We will do all in our power and effort to ensure that a clear structure for planning, implementing and handing over the future ICAAP youth forums and programs is actioned and supported in full partnership with ALL ICAAP stakeholders. We hope that you’ll make it to the table; we will be there, waiting for you.

It is our hope that one day when we ask the youth of the room to rise, they will be the ones who have known a world without AIDS.

See you in Bali.

*Statement composed by youth from Sri Lanka, Indonesia, India,
Australia, PNG, Japan and from the Global Youth Coalition on HIV/AIDS*

History Created

Posted: August 15, 2007 in Citizenship, Information, Politics

Papua New Guinea has created history when the National Alliance Party lead by it’s party leader Grand Chief Sir Michael Somare was elected as the eight Prime Minister for Papua New Guinea. Papua New Guinea has never had a Prime Minister who served the full term and also to return from the election victorious to form the new government. With the re-election of Chief Sir Michael Somare, it is leading the country towards a new direction.

Political stability has been created and that will translate into so many tangible benefits for the country. Hopefully, we could also create stability within the Ministries and the former Ministers taking back their ministrial folios. Political stability is the roadmap for investor confidence, it creates confidence within the economy and that gives a positive outlook of Papua New Guinea.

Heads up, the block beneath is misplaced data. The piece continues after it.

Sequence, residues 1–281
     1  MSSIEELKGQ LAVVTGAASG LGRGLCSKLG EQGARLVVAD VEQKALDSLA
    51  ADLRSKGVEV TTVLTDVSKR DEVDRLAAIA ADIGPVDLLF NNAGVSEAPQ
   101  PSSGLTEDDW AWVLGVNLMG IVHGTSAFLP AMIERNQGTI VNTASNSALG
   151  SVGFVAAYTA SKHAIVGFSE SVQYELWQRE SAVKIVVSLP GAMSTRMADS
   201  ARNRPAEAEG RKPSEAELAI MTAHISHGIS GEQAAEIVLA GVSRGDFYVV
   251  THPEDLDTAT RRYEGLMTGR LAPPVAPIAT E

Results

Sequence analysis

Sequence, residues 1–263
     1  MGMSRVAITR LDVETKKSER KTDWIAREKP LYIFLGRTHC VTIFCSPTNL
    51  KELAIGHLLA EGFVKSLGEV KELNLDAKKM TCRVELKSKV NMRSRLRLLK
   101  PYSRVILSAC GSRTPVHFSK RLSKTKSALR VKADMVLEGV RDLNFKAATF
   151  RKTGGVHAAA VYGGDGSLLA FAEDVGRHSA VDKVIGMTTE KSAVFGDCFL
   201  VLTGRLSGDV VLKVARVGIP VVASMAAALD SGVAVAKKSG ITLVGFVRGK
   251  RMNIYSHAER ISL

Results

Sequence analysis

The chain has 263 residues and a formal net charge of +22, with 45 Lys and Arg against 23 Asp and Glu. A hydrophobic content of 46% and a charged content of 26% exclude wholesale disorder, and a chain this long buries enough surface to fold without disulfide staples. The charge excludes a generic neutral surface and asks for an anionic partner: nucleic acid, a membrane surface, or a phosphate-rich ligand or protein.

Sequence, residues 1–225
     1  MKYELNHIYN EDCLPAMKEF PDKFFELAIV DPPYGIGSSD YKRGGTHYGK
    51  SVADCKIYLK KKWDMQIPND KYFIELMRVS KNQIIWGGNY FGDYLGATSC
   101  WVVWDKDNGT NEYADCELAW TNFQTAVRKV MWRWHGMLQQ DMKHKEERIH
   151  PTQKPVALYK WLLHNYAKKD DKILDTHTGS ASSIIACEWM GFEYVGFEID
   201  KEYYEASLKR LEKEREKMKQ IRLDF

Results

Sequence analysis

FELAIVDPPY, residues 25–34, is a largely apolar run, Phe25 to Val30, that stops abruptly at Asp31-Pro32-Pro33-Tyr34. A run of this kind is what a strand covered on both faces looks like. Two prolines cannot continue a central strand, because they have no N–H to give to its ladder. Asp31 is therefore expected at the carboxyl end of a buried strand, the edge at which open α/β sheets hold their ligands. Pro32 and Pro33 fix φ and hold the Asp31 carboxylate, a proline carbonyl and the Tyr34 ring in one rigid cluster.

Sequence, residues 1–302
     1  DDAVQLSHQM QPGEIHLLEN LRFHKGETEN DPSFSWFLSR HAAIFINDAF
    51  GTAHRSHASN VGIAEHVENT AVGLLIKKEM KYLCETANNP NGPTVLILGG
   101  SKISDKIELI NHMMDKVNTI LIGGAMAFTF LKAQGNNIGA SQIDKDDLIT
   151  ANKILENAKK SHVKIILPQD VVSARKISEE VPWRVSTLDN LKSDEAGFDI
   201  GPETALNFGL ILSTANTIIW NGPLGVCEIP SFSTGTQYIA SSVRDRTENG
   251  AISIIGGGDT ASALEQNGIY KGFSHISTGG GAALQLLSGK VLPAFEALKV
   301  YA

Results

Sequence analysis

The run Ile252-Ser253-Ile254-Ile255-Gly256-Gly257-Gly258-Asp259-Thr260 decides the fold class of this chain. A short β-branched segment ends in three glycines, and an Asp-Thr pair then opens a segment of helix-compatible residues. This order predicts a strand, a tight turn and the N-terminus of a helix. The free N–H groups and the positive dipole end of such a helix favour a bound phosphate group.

Politics plays an important part of the economy, as it decides for the people who best we should use the resources and skills we have in Papua New Guinea together with the advance in technology. Prime Minister when annoucing his Care-taker Government says he is “determine to accelerate the process of bridging the infrstructure gap in the next 5 years’, this is a sign of a committed leader and are sure that Grand Chief Somare will keep his word.

He has already proven that he wants competition within the Mobile Communication which sees Digicel, GreenCo and B’Mobile all having a carrier license. Despite so many critics, Papua New Guinea has had a very successful elections and continuation of the Government.


Mr Speaker, Members of the Eighth National Parliament.First of all, I congratulate every member for being elected to the 8th National Parliament.

And Mr Speaker, I congratulate you in your election as Speaker for another term.

On behalf of the National Alliance Party and its coalition partners, I humbly accept the decision of the people’s representatives to be Prime Minister again.

The National Alliance Party wishes to thank the people of Papua New Guinea for their confidence in mandating the Party under the law to continue to govern. The country needs stability and continuity to progress. The mandate we now collectively have is founded on the people’s desire for certainty.